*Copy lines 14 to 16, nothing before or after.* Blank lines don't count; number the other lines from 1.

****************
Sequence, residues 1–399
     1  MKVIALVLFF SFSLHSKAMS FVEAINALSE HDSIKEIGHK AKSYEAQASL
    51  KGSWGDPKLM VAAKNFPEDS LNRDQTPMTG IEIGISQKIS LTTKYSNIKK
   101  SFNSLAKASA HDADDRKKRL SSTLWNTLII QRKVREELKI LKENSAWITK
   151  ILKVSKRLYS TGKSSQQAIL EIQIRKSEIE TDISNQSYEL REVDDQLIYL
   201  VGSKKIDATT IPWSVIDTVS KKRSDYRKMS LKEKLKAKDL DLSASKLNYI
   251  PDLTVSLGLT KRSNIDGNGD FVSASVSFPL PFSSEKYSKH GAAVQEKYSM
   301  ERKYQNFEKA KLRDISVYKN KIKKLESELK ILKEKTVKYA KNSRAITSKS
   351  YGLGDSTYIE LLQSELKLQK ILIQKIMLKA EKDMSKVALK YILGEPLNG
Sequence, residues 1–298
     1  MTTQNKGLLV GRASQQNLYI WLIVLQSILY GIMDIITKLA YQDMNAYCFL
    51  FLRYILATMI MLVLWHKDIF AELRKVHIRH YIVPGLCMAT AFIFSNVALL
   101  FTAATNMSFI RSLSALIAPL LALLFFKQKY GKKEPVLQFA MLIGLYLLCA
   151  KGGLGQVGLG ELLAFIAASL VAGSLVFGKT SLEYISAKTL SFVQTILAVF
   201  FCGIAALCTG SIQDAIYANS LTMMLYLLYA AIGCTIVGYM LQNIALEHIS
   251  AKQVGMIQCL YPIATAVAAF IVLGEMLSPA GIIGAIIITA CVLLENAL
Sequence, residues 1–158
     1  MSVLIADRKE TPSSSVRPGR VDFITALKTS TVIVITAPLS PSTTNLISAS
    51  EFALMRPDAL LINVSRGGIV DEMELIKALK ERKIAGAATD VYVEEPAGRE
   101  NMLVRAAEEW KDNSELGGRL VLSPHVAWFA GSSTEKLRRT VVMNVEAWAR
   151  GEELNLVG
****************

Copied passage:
   151  KGGLGQVGLG ELLAFIAASL VAGSLVFGKT SLEYISAKTL SFVQTILAVF
   201  FCGIAALCTG SIQDAIYANS LTMMLYLLYA AIGCTIVGYM LQNIALEHIS
   251  AKQVGMIQCL YPIATAVAAF IVLGEMLSPA GIIGAIIITA CVLLENAL